The question “What makes a startup successful?” is a seemingly simple one that has received a lot of attention, from academic research to popular magazines. As you may expect, this question is also top of mind for many MaRS folks who are involved in supporting the next generation of high-impact Canadian ventures. If anything can be stated definitively about the startup world, it’s that it is a world full of uncertainty and change. The path to success is often as unique as the entrepreneurs who steer their startups in a constantly shifting market. With this in mind, we identified some often-cited success factors and reached out to some of the entrepreneurs in our ecosystem to get their take on them. The first insights come from Toby Heaps, founder and CEO of Corporate Knights, a media company focused on quantifying and animating clean capitalism drivers for decision makers. The Facts
Corporate Knights is a magazine, a progressive business association and an asset manager index provider. It started with the idea that you could tackle the important issues where business intersects with society and the environment in the way that good magazines do and that you could do it in a fun way and by telling good stories. By doing so, you could also create a space where Canada’s corporate culture—and, to an extent, corporate cultures in other places—could be a contributing factor in helping that culture evolve to see the role of business in a more holistic fashion, where people understand that businesses are a part of society and that they exist to advance the interests of society. Corporate Knights is a bit of a crazy experiment to see if getting the right information into the right people’s hands will start to make a difference and if people will start to make better decisions.
I would characterize it as a hybrid that has a 10-year history, but that is definitely more characterized by startup features and all of the things that a growth company goes through. In our first eight to nine years of operation, we had steady revenues under $1 million and then we doubled last year and have since seen a lot of changes.
I have an economics background. I travelled a lot and I worked probably around 100 jobs, from a rickshaw driver to a McDonald’s burger flipper to a landscaper entrepreneur, before beginning Corporate Knights. I was always starting little businesses and I would do whatever jobs would hire me. I think I’ve been working since I was seven or eight years old.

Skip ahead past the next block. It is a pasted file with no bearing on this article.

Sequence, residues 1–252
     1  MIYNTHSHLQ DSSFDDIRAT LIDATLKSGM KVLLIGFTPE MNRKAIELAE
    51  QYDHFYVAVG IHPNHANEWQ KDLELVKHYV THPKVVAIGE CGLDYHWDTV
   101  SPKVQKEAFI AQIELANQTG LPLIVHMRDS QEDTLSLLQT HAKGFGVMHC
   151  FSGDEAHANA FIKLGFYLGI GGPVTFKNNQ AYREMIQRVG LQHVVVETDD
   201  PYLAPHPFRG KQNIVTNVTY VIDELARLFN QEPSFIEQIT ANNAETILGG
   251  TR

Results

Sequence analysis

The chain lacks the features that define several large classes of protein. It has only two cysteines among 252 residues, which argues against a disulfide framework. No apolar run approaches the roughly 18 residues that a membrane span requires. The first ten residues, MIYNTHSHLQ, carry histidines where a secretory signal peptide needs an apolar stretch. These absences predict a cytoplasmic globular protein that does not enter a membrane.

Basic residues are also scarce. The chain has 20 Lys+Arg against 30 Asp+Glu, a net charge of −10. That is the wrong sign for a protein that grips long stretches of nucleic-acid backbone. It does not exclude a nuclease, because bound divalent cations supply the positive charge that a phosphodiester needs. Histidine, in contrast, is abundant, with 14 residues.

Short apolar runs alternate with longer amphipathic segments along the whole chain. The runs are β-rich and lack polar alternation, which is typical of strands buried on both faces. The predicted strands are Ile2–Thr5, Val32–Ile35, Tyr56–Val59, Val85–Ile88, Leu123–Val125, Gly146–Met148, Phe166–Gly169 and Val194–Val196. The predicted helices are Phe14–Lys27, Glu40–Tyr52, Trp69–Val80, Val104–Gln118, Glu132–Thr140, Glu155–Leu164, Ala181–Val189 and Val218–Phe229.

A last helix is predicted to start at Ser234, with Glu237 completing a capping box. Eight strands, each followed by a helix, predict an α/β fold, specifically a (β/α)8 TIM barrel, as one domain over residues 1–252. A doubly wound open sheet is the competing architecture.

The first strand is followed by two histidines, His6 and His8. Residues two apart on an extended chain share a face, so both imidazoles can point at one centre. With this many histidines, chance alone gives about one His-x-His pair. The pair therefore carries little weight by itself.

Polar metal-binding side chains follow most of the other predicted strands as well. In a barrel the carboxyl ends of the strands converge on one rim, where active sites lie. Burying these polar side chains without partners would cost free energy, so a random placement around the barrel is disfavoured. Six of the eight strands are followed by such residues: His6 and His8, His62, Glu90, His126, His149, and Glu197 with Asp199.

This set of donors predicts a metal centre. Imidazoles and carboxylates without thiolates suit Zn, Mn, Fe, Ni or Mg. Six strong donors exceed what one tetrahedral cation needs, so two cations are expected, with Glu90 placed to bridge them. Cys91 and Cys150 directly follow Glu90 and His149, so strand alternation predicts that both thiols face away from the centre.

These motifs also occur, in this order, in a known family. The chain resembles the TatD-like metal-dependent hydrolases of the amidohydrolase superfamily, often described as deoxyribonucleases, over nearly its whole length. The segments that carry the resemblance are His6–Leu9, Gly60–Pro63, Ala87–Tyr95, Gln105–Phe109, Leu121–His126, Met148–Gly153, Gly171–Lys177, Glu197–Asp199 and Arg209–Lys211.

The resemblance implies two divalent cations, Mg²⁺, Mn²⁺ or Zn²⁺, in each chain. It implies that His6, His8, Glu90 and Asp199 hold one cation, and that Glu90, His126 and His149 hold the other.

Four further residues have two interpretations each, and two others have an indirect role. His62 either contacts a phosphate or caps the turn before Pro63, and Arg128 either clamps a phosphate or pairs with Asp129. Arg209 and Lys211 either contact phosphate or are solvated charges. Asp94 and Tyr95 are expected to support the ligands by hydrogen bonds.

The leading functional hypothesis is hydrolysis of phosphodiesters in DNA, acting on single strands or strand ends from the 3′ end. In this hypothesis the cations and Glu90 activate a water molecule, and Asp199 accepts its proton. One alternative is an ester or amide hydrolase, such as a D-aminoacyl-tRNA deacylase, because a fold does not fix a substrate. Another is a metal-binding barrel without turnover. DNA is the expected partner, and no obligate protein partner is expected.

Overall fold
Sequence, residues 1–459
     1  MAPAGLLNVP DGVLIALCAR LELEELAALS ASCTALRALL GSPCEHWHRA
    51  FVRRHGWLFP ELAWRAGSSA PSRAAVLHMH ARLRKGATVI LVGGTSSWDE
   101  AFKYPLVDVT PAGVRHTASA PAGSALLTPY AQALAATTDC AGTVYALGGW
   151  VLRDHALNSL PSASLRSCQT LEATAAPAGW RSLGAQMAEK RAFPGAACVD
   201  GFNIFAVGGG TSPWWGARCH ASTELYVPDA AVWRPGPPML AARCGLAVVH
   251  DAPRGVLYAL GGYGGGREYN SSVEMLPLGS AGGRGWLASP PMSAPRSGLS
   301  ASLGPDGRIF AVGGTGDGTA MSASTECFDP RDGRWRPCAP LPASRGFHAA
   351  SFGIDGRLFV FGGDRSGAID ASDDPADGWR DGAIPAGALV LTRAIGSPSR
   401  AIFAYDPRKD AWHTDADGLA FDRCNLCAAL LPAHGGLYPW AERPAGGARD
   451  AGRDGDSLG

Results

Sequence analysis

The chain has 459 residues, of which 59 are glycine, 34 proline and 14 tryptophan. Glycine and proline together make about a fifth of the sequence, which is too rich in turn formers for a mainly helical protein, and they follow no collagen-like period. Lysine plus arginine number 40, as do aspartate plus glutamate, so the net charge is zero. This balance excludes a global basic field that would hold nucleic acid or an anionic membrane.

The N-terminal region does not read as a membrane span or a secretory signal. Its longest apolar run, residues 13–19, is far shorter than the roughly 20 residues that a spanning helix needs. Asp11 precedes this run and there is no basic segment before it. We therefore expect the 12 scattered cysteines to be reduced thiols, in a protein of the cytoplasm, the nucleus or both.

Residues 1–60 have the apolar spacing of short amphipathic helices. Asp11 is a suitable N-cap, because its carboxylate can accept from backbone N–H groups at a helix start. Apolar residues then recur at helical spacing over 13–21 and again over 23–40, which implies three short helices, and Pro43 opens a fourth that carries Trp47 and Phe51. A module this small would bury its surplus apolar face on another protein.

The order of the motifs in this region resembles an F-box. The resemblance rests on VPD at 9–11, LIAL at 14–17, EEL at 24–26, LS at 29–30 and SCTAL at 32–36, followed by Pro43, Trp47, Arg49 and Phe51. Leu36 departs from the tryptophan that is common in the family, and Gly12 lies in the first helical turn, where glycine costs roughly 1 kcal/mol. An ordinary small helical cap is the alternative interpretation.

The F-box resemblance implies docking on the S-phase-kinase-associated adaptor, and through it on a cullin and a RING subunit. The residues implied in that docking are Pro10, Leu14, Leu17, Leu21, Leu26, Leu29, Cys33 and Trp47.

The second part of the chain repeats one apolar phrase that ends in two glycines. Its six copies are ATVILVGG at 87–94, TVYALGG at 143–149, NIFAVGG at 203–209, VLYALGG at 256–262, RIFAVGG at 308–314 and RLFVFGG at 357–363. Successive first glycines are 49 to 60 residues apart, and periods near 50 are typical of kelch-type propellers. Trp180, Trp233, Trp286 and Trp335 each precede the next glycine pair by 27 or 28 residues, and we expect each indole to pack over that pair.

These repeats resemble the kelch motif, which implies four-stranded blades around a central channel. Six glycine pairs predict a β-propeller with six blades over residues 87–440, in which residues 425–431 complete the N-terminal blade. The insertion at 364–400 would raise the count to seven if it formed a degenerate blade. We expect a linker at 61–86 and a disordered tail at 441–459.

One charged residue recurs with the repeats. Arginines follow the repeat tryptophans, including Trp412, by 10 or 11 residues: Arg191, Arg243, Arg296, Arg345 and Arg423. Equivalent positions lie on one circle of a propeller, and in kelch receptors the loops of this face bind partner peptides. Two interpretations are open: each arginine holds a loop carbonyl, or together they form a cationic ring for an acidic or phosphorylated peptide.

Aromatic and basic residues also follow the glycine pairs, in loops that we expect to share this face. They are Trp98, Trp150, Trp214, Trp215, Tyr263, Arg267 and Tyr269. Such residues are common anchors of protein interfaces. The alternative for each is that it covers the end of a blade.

We recently launched our first funds, so we now have $10 million invested into our strategy. It’s a modest increment to a trillion dollars, which is our goal. It was nice to see the results after the initial idea from about four years ago, with the actual implementation starting two years ago. It’s an encouraging milestone, but I maybe wouldn’t call it a “success.” Success is still down the road, I think.
Persistence, sticking with it. There were a lot of people, including the head of quantitative strategy for Goldman Sachs, who told us that what we were doing was impossible. No matter how many people told us that what we were doing didn’t make sense, we stuck with it. I think the critical factor is to build up a good team. We have this one genius kid in particular without who it would have been difficult to do this in the time frame we needed to.
I’d like to be able to say that we changed the way capital markets work and made it mainstream to consider relevant sustainability factors in investment analysis and allocation. I’d like to make capital markets symbiotic with the planet.
A recipe for entrepreneurial success
We asked Toby to rate the importance of the following factors on a scale of one (low) to five (high), based on his own experience with Corporate Knights. Here is his take on a recipe for entrepreneurial success.
|Formal education: It doesn’t have to be related, but I think you learn some useful habits in the process of getting a formal education.
|Industry experience: I think you can get industry experience within three months. You just have to throw yourself into it. You need to get it fast. So it depends how you acquire that experience.
|Professional network: You can start without a professional network, but you need to know how to build one fast. When I started I didn’t really know anybody, but I expanded my network one by one.
|Profit orientation: I guess that wanting a long-term viable self-sustaining company, that’s a 5. But wanting to make money right away is a 1.
|Growth orientation: What is interesting is that a lot of companies are just waddling along and then they suddenly explode; they discover something that’s a bit of random luck.
|Export orientation: I believe that if you make a difference in Canada, but that difference doesn’t leave the borders, then you didn’t make much of a difference at all. But if you don’t have a strong base, it’s pretty hard to explode globally. So I think everyone should target main markets as much as possible, but not forget the market that brought them there.
|Access to capital: Capital is important for a company, but access to capital can also make you lazy, especially in the early stages.
|Learning orientation: I don’t think that there are any major business leaders who haven’t had to make huge course corrections on the way to where they’ve gotten or haven’t had to change something so that they could get around a brick wall or leap a canyon.